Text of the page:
The Secure Act: How it will affect your retirement plan.
The Secure Act or THE SETTING EVERY COMMUNITY UP FOR RETIREMENT ENHANCEMENT ACT OF 2019 was passed in late-December and is effective as of January 1, 2020 (with some exceptions, we will discuss later.) In the coming weeks we will be discussing what the Secure Act is and how it is going to affect your retirement plan.
Here are a couple of the biggest changes we will see:
It changes the age at which you must start withdrawing from your IRA or retirement plan. It was age 70 ½ under prior law while under the Secure Act it increases to age 72. Why is this a good change? It will allow you to keep your money in your plan longer giving you an extra 1 1/2 years of tax-deferred growth.
It allows you to contribute to a traditional IRA past age 70 ½ if you have “earned income” from employment rather than from investments.
It permits qualified defined contribution plans, section 403(b) plans, or governmental section 457(b) plans to make a direct trustee-to-trustee transfer to another employer-sponsored retirement plan or IRA of lifetime income investments or distributions of a lifetime income investment in the form of a qualified plan distribution annuity, if a lifetime income investment is no longer authorized to be held as an investment option under the plan. The change will permit participants to preserve their lifetime income investments and avoid surrender charges and fees.
It will require employers maintaining a 401(k) plan to have a dual eligibility requirement under which an employee must complete either a one year of service requirement (with the 1,000-hour rule) or three consecutive years of service where the employee completes at least 500 hours of service. This is great news for those that are working a second job, have retired but are working part-time, or other part-time workers including our veterans! Employers can however still exclude part-time employees that do not meet the 1,000-hour rule.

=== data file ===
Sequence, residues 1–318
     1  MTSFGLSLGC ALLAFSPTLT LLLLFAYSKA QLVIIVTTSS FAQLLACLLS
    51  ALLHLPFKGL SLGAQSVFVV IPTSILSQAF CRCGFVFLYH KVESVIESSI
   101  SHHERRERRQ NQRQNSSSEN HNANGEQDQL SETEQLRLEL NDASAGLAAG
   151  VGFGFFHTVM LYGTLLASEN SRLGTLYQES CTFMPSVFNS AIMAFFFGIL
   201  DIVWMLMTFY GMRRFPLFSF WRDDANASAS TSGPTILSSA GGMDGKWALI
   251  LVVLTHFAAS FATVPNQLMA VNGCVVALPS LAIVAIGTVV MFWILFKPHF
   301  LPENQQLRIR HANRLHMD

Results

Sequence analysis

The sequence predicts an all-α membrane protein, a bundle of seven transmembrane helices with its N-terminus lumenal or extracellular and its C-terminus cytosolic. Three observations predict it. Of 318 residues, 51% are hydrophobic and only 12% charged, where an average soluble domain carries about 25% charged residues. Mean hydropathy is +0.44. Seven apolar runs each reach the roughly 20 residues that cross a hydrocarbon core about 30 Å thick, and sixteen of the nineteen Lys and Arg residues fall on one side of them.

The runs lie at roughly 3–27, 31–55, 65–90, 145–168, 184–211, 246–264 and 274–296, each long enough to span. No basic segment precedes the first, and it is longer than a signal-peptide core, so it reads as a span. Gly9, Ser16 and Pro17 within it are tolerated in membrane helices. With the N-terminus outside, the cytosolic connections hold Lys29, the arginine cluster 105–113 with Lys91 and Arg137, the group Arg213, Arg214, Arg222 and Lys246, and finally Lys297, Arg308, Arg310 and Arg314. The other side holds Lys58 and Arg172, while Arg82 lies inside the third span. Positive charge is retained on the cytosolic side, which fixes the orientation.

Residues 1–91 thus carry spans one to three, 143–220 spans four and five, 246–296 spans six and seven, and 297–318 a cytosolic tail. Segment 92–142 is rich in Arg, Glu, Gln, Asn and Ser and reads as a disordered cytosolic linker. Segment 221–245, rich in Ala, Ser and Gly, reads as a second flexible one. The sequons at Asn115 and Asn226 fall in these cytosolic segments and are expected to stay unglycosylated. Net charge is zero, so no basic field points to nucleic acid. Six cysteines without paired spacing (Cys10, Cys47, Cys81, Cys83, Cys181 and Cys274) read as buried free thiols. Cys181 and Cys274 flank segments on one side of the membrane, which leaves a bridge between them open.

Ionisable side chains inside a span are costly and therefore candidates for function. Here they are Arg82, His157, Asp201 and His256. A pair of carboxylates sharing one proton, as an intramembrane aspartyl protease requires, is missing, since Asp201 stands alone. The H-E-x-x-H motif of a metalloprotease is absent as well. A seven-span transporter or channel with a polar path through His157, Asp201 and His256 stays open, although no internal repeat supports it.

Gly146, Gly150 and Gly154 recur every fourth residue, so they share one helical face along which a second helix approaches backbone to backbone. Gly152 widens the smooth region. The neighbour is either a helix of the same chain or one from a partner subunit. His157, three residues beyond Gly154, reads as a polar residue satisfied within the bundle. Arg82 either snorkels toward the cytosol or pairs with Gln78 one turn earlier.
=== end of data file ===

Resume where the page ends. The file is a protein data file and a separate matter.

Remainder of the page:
It provides for penalty-free withdrawals from retirement plans for any “qualified birth or adoption distribution.”
It expands 529 education savings accounts to cover costs associated with registered apprenticeships; homeschooling; up to $10,000 of qualified student loan repayments (including those for siblings); and private elementary, secondary, or religious schools.
Next week we will be discussing how the Secure Act affects distributions for beneficiaries.
As always, if you have estate planning, medicaid planning, medicare planning, veteran pension planning, or any other legal matters that you need/want to discuss please contact our office at 770-500-3074 or send us a message through our contact page. We look forward to hearing from you.